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Receiver aims for early playing time at Ohio State

Bradley Roby might have been one of the last recruits to commit to Ohio State, but don’t expect him to be overlooked again anytime soon.

The three-star athlete was ranked as the 43rd best cornerback prospect by Scouts.com and originally committed to Vanderbilt in July of 2009. But after an impressive senior season, scouts began to take notice of the wide receiver/cornerback prospect from Peachtree Ridge High School in Suwanee, Ga.

“He originally committed to Vanderbilt as a diamond in the rough and then blew up at the end of the year,” said Jared Kamrass, a contributor to Scout.com.

Roby piled up impressive statistics in his senior season at Peachtree Ridge as he played on both sides of the ball. On offense, Roby caught 29 passes for 536 yards and recorded 42 tackles and six interceptions on defense. The 6-foot tall prospect has also been timed at 4.34 in the 40-yard dash.  

“He could play as a wide receiver at Ohio State, but I like him better as a cornerback,” said Bill Greene, the Ohio recruiting analyst at Scout.com. “He’s that type of long, quick athlete.”
Kevin Noon, managing editor for BuckeyeGrove.com, agrees that Roby will eventually play cornerback.

“I definitely think he will be a defensive back out of need,” Noon said. “He has good hips and he should be able to really acquaint very well to that position. There is more of a need for him in the defensive backfield just because there is a lot of wide receivers that they have especially around his size.”

Most scouts agree that Roby is athletically gifted to play at the next level, but all of them conclude that he is more than just a football player.

“There is no doubt he fits athletically at Ohio State,” Greene said. “What I like about him the best is that he is such a quality kid. He is very special in terms of his work ethic and his integrity.”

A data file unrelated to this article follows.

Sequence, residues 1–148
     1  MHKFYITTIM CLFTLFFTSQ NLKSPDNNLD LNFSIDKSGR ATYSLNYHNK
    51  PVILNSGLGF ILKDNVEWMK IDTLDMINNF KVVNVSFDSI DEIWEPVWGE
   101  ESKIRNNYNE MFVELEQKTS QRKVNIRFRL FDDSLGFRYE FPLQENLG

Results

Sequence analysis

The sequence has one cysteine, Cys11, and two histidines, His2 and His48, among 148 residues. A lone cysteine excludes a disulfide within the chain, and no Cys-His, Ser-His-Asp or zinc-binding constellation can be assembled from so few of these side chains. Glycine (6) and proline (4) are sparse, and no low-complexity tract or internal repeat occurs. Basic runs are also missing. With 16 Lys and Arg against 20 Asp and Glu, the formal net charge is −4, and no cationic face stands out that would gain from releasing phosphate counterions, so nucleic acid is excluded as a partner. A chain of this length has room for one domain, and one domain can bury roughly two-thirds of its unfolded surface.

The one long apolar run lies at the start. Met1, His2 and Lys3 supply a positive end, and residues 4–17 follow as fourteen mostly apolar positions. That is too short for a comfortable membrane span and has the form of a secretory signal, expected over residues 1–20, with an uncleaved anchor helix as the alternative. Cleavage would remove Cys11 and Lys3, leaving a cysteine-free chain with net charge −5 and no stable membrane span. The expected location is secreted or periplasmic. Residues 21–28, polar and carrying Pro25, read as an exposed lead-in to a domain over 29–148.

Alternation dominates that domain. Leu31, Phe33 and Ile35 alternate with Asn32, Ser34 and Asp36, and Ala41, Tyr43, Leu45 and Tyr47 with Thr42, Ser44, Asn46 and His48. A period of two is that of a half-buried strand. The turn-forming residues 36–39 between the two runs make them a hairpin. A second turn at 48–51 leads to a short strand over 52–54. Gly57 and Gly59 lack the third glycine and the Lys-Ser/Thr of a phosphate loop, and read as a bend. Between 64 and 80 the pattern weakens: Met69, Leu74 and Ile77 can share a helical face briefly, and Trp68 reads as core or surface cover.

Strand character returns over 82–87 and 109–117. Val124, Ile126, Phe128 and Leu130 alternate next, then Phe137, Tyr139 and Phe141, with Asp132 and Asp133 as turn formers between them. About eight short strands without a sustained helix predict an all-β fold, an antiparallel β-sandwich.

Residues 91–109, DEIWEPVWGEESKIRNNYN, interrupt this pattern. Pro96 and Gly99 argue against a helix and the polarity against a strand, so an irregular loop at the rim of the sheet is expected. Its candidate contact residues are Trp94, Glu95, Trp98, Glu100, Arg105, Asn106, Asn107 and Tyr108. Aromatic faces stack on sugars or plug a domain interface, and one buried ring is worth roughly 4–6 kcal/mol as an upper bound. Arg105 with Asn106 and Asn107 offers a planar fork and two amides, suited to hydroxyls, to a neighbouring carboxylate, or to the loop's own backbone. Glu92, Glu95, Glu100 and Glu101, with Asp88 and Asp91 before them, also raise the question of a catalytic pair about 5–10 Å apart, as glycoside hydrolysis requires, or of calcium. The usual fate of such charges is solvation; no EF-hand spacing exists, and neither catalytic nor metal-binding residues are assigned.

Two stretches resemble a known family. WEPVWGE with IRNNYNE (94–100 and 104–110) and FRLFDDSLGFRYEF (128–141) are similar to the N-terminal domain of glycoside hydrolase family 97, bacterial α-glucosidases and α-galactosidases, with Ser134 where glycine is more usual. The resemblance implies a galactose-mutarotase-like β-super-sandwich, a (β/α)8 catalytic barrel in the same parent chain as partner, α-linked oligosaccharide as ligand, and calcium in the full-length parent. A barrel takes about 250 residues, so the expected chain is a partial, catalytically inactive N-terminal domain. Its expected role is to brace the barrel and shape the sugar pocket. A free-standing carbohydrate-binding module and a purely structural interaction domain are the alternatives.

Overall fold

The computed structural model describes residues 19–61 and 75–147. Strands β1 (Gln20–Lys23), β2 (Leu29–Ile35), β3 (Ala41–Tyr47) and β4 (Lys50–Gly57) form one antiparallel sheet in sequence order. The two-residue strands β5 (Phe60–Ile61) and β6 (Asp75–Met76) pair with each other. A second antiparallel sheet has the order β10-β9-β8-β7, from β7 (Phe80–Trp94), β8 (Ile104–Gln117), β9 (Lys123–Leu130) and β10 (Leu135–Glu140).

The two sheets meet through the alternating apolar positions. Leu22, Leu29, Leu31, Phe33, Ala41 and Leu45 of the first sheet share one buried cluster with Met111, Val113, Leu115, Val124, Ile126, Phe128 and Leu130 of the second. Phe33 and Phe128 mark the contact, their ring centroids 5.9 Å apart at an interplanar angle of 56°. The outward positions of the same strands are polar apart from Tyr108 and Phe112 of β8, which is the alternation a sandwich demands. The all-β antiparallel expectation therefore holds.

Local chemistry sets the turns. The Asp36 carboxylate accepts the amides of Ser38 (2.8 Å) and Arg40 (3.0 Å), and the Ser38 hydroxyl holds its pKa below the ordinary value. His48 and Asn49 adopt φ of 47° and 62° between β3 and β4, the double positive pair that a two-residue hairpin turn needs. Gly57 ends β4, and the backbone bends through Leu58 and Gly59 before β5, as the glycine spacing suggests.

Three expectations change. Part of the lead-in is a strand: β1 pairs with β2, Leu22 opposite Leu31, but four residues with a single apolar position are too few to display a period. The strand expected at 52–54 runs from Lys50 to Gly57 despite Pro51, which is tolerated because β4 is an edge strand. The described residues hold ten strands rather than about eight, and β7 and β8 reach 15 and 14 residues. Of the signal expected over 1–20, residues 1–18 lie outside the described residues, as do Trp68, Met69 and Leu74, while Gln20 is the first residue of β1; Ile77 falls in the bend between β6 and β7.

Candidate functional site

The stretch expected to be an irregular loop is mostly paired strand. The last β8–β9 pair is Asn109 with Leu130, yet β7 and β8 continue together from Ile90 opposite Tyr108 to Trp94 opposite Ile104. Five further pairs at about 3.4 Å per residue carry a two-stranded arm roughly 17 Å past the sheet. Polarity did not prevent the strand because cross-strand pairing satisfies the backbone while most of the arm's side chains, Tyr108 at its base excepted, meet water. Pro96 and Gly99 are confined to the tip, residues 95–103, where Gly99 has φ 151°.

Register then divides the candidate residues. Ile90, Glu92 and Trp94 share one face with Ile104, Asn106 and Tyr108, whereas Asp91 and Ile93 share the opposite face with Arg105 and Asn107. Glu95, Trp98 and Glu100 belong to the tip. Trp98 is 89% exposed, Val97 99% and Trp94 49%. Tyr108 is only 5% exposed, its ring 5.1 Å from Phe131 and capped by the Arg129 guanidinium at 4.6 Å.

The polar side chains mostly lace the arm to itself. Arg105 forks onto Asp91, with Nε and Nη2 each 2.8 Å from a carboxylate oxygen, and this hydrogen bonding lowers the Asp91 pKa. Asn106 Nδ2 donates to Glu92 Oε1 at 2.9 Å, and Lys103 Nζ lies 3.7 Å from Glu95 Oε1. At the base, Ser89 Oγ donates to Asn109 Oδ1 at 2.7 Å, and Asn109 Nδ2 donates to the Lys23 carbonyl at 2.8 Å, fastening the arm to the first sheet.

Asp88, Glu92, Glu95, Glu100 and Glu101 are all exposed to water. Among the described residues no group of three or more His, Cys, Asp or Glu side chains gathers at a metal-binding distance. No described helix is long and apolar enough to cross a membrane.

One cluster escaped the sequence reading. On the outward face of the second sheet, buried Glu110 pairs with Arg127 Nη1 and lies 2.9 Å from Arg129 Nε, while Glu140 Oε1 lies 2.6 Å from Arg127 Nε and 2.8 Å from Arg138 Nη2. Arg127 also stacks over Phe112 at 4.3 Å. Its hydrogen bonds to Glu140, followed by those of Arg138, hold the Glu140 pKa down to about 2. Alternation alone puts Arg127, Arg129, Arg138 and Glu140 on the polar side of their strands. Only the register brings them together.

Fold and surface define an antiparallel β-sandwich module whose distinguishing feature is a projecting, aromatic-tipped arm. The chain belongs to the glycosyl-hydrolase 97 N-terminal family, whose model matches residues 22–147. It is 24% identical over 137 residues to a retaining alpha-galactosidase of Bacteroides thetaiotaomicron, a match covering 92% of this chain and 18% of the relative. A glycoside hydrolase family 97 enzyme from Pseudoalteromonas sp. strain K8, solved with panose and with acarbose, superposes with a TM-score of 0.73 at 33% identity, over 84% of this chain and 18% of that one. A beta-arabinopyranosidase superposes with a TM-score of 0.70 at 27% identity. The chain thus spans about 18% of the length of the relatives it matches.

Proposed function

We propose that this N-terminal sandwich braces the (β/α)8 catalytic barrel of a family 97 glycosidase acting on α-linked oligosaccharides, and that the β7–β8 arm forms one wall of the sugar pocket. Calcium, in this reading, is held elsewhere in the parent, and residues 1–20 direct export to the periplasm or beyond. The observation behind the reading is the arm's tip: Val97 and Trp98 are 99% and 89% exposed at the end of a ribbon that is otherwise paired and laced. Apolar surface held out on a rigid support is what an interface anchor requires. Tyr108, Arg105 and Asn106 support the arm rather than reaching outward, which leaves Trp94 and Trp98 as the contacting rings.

Roby had a 3.86 grade point average in high school, was a member of the DECA club, and was a four-time scholar athlete.

The scouting process didn’t go quite as planned for Roby. He originally wanted to go to Ohio State, but didn’t receive any offers. The Buckeyes originally decided to go on a different path.

“Ohio State didn’t offer him until late,” Greene said. They chased Lamarcus Joyner out of Florida and Josh Shaw out of California.”

After both prospects chose other colleges, the Buckeyes decided to offer Roby a scholarship. This would have been ideal for Roby, but he had already verbally committed to Vanderbilt, placing him in a difficult situation.

It is quite common for a high school prospect to initially commit to a smaller school but then rapidly switch commitments if a football powerhouse such as Ohio State comes calling, Greene said.

“Roby wanted to be at Ohio State, but he felt that he had given his word to Vanderbilt. He really struggled with that.”

Roby told Greene in an interview after he signed with Ohio State that it “hurt him to do that to the Vanderbilt staff.”

The cornerback prospect wouldn’t even talk to any reporters about his commitment to OSU until he had a chance to speak to the position coach and head coach at Vanderbilt.
Ohio State recruiting experts believe that Roby will surely spend his first year on the sidelines for the Buckeyes.

“He’ll probably redshirt as a freshman to get some weight on, get the whole college experience and coaching under his belt,” Kamrass said.

Kamrass has very lofty expectations for Roby. He compared him to a recent Super Bowl-winning cornerback who wore scarlet and gray.

“The best analogy for him right now is Malcolm Jenkins, who was another guy that was unheralded coming in,” Kamrass said. “But Jenkins was able to put on some weight, learned from some good coaching and obviously became an All-American and a first round draft pick.”

Roby could be a difference-maker to take the field for the Buckeyes for years to come. Greene has one simple conclusion to define why the new Buckeye prospect will shine throughout his career at OSU.

“I think he is just such a quality individual, and that’s usually the difference when people succeed or fail at the college level,” Greene said. “Someone who gets it from a work ethic standpoint and an intelligent standpoint. That is where Bradley Roby will set himself apart from other players.”

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